Poor-Quality Diets Among Cancer Survivors

Veronica Hackethal, MD

October 13, 2015

The diets of many cancer survivors do not meet 2010 dietary guidelines set by the US Department of Agriculture, and many many survivors eat poorer-quality diets, more empty calories, and less fiber than the general population.

The findings come from the first study to look at dietary intake among cancer survivors in a nationally representative sample of US residents. It was published online October 13 in Cancer.

"These findings reinforce the need for dietary intervention in this high-risk population," commented first author Fang Fang Zhang, MD, PhD, of the Friedman School of Nutrition Science and Policy at Tufts University, in Medford, Massachusetts.

"Nutrition is one of the cornerstones for cancer prevention and control. Unfortunately, nutrition is not typically integrated into the delivery of optimal care for cancer patients," Dr Zhang told Medscape Medical News.

Better nutrition could help protect cancer survivors from other chronic illnesses, potentially improving their long-term health and survival, she suggested.

"It is important to note that cancer survivors have significantly higher chronic disease burden than the general population," Dr Zhang highlighted. "Improving diet quality can be a particularly important focus for cancer survivors to achieve a long and healthy life."

Accumulating evidence points to improved survival outcomes in cancer survivors when they meet dietary guidelines compared with those who do not, Dr Zhang pointed out. Current evidence is limited, however, to major cancer types. Few large-scale intervention studies have evaluated the impact of dietary changes and specific nutrients on cancer recurrence and survival. More research is needed in this area, she noted.

Nationally Representative Sample

Data for the study came from people who participated from 1999 to 2010 in the nationally representative US National Health and Nutrition Examination Survey. Researchers looked at dietary intake and quality in 1533 adult survivors of breast, prostate, colorectal, and lung cancer. The patients were matched with regard to age, race, and ethnicity to 3075 people who did not have a history of cancer. The investigators evaluated dietary intake using 24-hour dietary recall interviews conducted in person and over the telephone by trained interviewers. Diet quality was assessed using the 2010 Healthy Eating Index (HEI-2010), in which a higher score indicates better adherence to US dietary guidelines.

The majority of cancer survivors were women (66%) and non-Hispanic whites (83%). Results adjusted for age, sex, and race/ethnicity showed that cancer survivors had significantly lower-quality diets compared with participants who did not have a history of cancer (HEI-2010 total score: 47.2 ± 0.5 vs 48.3 ± 0.4, respectively; P = .03). Cancer survivors ate significantly more empty calories (P = .001) and less fiber (P = .02), which suggests that they got more of their calories from solid fats, alcohol, and added sugars.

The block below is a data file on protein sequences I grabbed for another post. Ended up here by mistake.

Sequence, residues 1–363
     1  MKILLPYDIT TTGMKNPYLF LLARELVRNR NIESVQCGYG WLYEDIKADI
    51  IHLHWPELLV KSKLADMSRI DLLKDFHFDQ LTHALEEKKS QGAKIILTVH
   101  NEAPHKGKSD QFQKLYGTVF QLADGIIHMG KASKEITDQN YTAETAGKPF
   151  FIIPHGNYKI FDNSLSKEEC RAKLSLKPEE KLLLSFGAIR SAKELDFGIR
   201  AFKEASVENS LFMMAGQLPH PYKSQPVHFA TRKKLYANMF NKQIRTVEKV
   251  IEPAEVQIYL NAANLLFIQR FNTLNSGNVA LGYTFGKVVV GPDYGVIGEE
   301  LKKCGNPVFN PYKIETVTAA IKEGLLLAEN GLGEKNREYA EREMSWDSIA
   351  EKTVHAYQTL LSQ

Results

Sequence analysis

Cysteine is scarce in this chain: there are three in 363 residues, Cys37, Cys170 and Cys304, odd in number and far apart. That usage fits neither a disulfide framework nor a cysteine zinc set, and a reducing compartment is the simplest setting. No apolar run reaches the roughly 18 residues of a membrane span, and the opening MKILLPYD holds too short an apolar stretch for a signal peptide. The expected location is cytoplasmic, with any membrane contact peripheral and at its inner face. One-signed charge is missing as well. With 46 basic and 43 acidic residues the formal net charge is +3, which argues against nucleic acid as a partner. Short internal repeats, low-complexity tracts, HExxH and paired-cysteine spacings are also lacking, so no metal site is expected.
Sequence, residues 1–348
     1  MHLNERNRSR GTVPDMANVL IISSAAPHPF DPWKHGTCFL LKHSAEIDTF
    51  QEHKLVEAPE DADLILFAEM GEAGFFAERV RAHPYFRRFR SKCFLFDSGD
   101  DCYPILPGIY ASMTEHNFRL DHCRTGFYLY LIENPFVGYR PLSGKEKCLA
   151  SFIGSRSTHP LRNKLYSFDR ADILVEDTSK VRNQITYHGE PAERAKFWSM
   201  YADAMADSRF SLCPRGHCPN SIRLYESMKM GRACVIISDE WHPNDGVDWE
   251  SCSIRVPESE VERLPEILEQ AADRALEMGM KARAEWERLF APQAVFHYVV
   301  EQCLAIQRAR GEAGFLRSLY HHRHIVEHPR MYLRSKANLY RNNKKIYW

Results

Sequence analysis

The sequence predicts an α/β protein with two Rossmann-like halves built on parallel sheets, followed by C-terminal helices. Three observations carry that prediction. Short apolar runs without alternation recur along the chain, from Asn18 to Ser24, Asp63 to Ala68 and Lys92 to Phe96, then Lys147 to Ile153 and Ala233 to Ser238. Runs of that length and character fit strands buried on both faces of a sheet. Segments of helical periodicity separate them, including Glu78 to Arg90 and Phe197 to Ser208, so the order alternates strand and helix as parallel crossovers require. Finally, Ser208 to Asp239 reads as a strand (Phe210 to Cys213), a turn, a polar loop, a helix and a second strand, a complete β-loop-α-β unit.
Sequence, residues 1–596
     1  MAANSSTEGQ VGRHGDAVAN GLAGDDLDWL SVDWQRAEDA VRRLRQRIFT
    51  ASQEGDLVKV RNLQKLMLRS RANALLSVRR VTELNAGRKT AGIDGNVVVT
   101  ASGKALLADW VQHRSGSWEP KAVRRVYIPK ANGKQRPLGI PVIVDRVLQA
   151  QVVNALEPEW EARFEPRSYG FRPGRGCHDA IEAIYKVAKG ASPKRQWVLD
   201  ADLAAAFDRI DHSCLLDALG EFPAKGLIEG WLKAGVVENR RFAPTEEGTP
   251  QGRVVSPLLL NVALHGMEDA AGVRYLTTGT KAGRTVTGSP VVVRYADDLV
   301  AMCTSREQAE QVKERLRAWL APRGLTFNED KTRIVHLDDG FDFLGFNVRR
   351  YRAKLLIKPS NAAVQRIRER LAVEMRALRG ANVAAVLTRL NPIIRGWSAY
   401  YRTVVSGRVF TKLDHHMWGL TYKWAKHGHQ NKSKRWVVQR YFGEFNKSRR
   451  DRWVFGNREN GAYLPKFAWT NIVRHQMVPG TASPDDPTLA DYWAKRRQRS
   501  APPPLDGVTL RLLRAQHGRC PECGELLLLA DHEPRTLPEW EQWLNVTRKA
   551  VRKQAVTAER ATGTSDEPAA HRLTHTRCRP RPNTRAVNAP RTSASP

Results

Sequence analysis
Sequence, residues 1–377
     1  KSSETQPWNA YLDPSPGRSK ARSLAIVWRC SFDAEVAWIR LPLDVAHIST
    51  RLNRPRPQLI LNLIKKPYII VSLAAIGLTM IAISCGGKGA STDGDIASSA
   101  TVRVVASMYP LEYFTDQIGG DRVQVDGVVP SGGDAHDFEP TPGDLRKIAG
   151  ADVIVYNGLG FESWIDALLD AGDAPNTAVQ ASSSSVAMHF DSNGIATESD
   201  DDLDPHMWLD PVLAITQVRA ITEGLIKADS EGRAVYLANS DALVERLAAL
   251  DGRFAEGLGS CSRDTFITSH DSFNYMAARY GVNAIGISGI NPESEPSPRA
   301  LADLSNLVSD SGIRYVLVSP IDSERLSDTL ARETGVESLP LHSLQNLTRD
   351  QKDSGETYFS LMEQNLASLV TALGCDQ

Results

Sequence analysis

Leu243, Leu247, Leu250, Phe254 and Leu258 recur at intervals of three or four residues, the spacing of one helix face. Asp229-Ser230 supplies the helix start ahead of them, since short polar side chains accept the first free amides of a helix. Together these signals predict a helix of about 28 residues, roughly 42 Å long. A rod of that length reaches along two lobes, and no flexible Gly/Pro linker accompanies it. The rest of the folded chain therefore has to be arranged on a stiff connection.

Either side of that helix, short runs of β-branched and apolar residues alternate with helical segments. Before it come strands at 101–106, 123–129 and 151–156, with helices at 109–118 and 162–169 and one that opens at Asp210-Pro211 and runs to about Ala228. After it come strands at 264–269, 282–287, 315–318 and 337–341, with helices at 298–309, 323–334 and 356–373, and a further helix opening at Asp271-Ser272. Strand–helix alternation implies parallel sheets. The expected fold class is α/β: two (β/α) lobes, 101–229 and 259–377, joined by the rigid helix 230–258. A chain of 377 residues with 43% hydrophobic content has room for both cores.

The mean dietary intake of certain nutrients in cancer survivors failed to meet federal recommendations: vitamin D (31% of recommended intake), vitamin E (47%), potassium (55%), fiber (60%), and calcium (73%). Survivors also had diets high in sodium (133% of the recommended intake) and saturated fat (112%). Their diets were low in green vegetables and whole grains.

Diet quality improved with age but was worse among those whose education was at the high school level or lower, compared with those with higher levels of education.

Compared with survivors of prostate and colorectal cancer, breast cancer survivors had the highest-quality diets, and lung cancer survivors had the lowest-quality diets (P = .008 and P = .002, respectively). Current smokers had significantly lower-quality diets than current and former smokers (P < .001).

After adjusting for smoking status, results suggested that the differences in diet quality between cancer survivors and those who did not have a history of cancer may be due in part to smoking, suggesting that as a group, smokers are at particularly high risk with regard to dietary interventions.

Several other factors could also explain the worse-quality diet in cancer survivors, according to Dr Zhang. Cancer therapies could cause food cravings and/or changes in taste preference. These changes could continue after the end of treatment, making it difficult to follow a healthy diet. Emotional distress during and after treatment could also play a role, she suggested. Finally, cancer patients may already have poor-quality diets at diagnosis, and they may continue this pattern after treatment.

"Diets rich in fiber from vegetables, fruits, and whole grains and lower in sodium, solid fats, and added sugars are important dietary targets for cancer survivors," Dr Zhang advised.

"Given the poor diet quality we and others have found in cancer survivors and the high chronic disease burden in this population, it is becoming imperative to routinely integrate nutrition intervention [into cancer care] to improve the health and well-being of cancer survivors across the care continuum," she emphasized.

The authors report no relevant financial relationships.

Cancer. Published online October 13, 2015.


Comments on Medscape are moderated and should be professional in tone and on topic. You must declare any conflicts of interest related to your comments and responses. Please see our Commenting Guide for further information. We reserve the right to remove posts at our sole discretion.